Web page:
Sunday, August 9, 2015

Sunday Poetry - Emma Lazarus

I knew that the lines inscribed on the base of the Statue of Liberty were written by Lazarus, but I didn't know the story of the sonnet until I found it again in this anthology & did some googling. Lazarus wrote the poem, The New Colossus, as a donation to an auction raising money to construct the pedestal for the statue. It was then forgotten & wasn't mentioned when the Statue of Liberty was unveiled (or whatever you do with a statue that size) in 1886. Lazarus died the next year, & it wasn't until 1901 that her friend, Georgina Schuyler, began lobbying for her words to be inscribed on the base of the statue. This was done in 1903.
It's appropriate that Lazarus's poem has become so famous as a representation of the immigrant experience. She first connected with her Jewish heritage when she heard of the Russian pogroms in the 1880s & became an ardent Zionist. Many later immigrants from Russia & all over Europe would have seen the Statue of Liberty as they entered the United States & become familiar with her words.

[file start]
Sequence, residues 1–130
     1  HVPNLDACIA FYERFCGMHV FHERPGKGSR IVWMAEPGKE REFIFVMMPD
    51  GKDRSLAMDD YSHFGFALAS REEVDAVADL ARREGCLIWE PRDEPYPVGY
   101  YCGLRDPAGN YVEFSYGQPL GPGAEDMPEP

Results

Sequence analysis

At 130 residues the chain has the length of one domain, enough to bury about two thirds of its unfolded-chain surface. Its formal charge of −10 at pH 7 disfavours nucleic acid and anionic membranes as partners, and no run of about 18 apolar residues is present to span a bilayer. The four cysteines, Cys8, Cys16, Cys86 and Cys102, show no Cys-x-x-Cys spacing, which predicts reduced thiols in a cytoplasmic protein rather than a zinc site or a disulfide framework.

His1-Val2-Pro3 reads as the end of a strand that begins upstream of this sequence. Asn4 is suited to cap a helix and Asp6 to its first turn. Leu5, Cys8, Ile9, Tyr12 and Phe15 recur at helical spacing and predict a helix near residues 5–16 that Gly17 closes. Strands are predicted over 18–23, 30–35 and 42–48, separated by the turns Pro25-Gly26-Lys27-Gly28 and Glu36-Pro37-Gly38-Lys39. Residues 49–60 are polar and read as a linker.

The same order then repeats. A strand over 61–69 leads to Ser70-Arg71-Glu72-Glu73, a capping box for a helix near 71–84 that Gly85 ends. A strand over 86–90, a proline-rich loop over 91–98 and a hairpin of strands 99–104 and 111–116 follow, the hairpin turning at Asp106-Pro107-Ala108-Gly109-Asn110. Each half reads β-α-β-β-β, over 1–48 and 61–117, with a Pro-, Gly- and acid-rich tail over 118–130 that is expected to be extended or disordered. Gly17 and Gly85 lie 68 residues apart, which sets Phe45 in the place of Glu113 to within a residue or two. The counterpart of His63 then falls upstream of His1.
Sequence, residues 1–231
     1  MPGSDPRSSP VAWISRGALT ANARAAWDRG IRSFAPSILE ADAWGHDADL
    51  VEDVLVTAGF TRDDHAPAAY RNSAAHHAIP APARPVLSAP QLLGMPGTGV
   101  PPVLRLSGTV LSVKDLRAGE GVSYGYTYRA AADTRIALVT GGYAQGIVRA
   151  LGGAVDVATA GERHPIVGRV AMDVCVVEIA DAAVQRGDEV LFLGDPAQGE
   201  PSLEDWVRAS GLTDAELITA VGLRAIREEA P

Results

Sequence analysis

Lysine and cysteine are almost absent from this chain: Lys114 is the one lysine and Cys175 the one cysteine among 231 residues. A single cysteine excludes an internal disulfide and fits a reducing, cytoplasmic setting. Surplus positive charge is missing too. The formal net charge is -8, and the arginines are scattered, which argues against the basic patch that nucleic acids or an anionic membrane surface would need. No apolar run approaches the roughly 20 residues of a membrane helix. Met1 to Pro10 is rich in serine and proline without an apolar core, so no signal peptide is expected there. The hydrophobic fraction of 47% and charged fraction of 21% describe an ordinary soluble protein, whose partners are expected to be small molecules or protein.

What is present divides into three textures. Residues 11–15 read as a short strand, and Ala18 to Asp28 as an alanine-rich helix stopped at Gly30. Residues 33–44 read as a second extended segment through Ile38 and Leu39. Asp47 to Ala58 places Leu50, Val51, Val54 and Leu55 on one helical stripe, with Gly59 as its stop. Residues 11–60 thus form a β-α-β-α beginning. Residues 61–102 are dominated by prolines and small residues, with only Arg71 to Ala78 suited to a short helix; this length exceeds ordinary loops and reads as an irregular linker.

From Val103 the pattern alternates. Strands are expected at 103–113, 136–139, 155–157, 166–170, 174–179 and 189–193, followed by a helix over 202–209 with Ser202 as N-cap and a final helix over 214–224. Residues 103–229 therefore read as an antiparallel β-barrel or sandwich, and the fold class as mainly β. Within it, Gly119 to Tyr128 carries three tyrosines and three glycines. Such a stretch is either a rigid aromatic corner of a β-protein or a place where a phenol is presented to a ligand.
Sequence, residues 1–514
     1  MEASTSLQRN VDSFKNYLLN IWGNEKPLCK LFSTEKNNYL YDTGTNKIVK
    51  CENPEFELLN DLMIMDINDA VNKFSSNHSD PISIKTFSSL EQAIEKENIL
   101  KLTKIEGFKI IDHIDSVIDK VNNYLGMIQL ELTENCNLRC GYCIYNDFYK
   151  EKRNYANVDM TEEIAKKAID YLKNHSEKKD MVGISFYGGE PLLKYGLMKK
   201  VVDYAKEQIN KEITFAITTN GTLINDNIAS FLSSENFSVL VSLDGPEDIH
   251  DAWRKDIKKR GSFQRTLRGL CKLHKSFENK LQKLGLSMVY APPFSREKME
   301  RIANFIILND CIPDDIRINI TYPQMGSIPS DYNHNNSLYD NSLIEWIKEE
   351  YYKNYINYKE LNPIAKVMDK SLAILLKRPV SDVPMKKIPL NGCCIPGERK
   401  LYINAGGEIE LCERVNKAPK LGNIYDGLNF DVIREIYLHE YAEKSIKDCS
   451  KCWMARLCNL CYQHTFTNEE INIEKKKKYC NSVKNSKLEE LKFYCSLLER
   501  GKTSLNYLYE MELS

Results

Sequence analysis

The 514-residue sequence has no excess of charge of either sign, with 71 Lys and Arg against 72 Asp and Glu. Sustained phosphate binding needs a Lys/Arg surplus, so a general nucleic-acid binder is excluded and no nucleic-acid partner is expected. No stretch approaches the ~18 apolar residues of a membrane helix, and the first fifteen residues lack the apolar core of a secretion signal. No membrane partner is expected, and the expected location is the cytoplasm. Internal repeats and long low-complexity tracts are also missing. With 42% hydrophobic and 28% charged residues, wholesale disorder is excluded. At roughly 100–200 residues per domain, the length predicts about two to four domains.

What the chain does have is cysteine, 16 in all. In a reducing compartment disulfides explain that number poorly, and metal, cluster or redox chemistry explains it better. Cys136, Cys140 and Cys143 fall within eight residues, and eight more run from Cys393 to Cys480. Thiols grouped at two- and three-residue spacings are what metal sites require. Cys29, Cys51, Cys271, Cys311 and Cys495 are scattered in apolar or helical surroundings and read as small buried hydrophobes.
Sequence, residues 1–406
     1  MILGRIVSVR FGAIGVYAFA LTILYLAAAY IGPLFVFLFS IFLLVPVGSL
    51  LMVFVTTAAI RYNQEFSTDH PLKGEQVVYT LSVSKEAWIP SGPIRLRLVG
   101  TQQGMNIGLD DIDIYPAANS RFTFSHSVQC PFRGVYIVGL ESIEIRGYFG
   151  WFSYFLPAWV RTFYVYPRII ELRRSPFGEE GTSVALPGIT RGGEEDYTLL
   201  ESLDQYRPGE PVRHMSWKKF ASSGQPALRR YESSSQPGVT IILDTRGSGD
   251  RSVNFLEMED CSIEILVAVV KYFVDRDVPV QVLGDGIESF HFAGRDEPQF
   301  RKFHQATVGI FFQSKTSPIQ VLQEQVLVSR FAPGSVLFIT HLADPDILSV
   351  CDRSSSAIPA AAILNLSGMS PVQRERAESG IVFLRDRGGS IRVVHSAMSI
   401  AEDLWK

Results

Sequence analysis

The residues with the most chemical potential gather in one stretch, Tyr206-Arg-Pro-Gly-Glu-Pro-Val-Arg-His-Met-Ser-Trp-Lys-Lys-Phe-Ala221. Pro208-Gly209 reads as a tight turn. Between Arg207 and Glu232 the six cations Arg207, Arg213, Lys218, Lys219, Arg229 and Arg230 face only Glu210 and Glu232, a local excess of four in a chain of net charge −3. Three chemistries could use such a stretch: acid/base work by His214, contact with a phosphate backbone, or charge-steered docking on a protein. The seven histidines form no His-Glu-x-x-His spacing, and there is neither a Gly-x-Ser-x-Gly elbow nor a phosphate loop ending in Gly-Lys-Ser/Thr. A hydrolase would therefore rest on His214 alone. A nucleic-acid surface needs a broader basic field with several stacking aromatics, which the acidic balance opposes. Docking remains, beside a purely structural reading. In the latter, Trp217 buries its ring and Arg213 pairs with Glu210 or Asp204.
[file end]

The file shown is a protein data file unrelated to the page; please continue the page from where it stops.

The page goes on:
Not like the brazen giant of Greek fame,
With conquering limbs astride from land to land;
Here at our sea-washed, sunset gates shall stand
A mighty woman with a torch, whose flame
Is the imprisoned lightning, and her name
Mother of Exiles. From her beacon-hand
Glows world-wide welcome; her mild eyes command
The air-bridged harbor that twin cities frame.
“Keep, ancient lands, your storied pomp!” cries she
With silent lips. “Give me your tired, your poor,
Your huddled masses yearning to breathe free,
The wretched refuse of your teeming shore.
Send these, the homeless, tempest-tost to me,
I lift my lamp beside the golden door!”


  1. Lovely - and I like how it riffs on the classical but the classical doesn't come out so well. And still a terribly relevant sentiment today, given events in Australia.

    1. Yes, I thought about our current situation as well. Not just here but in Europe as well, the refugee crisis seems overwhelming.